Isabella L. (Isabella Lucy) Bird.

Journeys in Persia and Kurdistan : including a summer in the Upper Karun region and a visit to the Nestorian rayahs (Volume 1) online

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and was kicking with all its might at my bed and " hold-
all," which were between its hind legs, and succeeded in
catching and holding it till Hadji came up. I told him
to unfasten the surcingle, for the animal was wild with
the things among its legs, and he wrung his hands and
beat his breast, exclaiming, " God is great ! God knows I
shall never see Bushire again ! " and was quite helpless.
Seeing a caravan of asses approaching, I rode on as fast
as I could to the well -situated little town of Kangawar,
expecting him to follow shortly. At present the entrance
into Kangawar is up the bed of a stream.

We had been promised good accommodation there,
and the town could evidently afford it, but Abbas Khan
had chosen something very wretched, though it was up-
stairs, and had an extensive snow view. Crumbling,
difficult stairs at each end of a crumbling mud house led
to rooms which barely afforded a shelter, with a ruinous
barn between, where the servants, regardless of conse-
quences, kept up a bonfire. A man shovelled most of
the snow out of my room, and tried to make a fire but
failed, as neither he nor I could stand the smoke produced
by the attempt. This imperfect shelter had a window-
frame, with three out of its four wooden panes gone, and
a cracked door, which could only ensure partial privacy
by being laid against the posts from the outer landing,
which was a flat roof. The wall was full of cracks big
enough for a finger, through which the night wind rioted
in a temperature 5 below zero.

There was nothing to sit upon, and I walked up and
down for two hours, half-frozen, watching the straggling
line of the caravan as it crawled along the valley, till the
sunset flush changed into the chill blue-gray of twilight.
Hadji arrived with it, having broken his girth after I left
him. There was not much comfort after the severe
march, owing to the draughts and the smoke, but one is


always hungry and sleepy, and the cybernation of the
insects makes up for any minor discomforts. It was
so cold that some water in a cup froze before I could
drink it, and the blanket over my face was hard frozen.

Kangawar was full of mourning. The bodies of two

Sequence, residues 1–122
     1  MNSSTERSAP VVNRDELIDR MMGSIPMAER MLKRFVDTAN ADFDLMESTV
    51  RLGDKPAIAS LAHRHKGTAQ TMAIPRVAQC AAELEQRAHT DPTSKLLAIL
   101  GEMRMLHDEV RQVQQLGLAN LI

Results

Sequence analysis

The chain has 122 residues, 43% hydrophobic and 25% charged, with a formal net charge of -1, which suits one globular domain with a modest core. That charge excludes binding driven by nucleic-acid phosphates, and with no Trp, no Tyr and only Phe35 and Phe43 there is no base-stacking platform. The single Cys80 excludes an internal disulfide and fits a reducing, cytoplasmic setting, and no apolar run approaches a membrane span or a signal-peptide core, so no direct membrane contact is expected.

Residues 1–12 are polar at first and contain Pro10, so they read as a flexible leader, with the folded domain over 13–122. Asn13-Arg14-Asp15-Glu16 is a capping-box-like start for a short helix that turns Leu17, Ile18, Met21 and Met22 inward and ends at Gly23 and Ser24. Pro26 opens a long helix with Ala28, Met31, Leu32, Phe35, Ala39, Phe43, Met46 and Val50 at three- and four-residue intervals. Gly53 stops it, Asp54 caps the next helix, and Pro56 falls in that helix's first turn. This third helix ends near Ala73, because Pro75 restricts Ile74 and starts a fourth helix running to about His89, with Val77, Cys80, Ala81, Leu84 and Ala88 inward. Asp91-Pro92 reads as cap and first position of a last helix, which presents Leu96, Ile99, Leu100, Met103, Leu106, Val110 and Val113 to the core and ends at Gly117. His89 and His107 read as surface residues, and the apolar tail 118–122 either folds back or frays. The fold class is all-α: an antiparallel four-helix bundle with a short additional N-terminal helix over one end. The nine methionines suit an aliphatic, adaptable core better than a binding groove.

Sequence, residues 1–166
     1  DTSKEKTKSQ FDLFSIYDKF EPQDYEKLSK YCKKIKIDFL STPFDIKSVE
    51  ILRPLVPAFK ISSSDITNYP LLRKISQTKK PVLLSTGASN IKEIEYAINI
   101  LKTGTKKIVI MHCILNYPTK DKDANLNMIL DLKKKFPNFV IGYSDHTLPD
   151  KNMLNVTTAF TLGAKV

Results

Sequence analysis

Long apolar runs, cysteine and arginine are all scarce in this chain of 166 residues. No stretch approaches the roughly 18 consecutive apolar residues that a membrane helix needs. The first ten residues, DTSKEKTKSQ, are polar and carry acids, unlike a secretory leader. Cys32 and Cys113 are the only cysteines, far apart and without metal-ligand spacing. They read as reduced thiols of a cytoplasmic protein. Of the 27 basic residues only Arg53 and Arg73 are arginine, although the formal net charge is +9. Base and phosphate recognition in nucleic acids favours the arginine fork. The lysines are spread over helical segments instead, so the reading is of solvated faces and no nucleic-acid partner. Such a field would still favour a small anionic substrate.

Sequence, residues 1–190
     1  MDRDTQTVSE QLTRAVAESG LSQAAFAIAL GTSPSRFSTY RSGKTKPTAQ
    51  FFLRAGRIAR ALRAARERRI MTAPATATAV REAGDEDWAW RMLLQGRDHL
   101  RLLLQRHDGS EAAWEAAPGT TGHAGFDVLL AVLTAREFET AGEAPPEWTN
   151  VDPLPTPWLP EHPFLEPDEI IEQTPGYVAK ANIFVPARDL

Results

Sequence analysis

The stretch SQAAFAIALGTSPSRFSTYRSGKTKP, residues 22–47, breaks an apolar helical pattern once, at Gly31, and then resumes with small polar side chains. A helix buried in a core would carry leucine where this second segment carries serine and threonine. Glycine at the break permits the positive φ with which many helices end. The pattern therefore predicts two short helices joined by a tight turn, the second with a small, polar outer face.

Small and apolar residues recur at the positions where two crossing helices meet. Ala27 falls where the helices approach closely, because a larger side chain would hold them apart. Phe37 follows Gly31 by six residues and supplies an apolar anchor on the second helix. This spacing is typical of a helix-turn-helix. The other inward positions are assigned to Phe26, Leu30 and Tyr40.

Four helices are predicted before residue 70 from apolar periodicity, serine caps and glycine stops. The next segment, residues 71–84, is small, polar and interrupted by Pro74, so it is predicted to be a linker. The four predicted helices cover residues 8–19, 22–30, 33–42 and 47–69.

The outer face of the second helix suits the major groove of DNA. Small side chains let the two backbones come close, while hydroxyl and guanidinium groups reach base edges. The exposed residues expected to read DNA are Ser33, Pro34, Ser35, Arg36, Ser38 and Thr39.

men and a boy, who had perished on the plain while we
were struggling up the pass, had been brought in. This
boy of twelve was " the only son of his mother and she
was a widow." He had started from Kangawar in the
morning with five asses laden with chopped straw to sell
for her, and had miserably perished. The two men were
married, and had left families.

Kangawar is a town of a thousand people built below
a high hill, on some natural and artificial mounds. Some
traditions regarding Semiramis are localised there, and it
is supposed to be on the site of Pancobar, where she
erected a temple to Anaitis or Artemis. Euins of a
fortress, now snow -buried, occupy the crest of a hill above
the town, and there are other ruins, regarded by
antiquaries as Grecian, representing a temple or palace,
"a vast building constructed of enormous blocks of
dressed stone." Of these remains I saw nothing but
some columns and a pilaster, which are built into the
miserable mud walls of a house near the bazar.

At night the muleteers were beseeching on their
knees. They said that they could not go on, that the
caravan which had attempted to leave Kangawar in the
morning had put back with three corpses, and that they
and their mules would perish. In the morning it was
for some time doubtful whether they could be induced or
bribed to proceed. The day was fine and still, but they
said that the snow was not broken. At last they agreed
to start if we would promise to return at the first breath
of wind !

Every resource against cold was brought out and put


on. One eye was all that was visible of the servants'
faces. The charvadars relied on their felt coats and raw
sheepskins, with the fur inside, roped round their legs.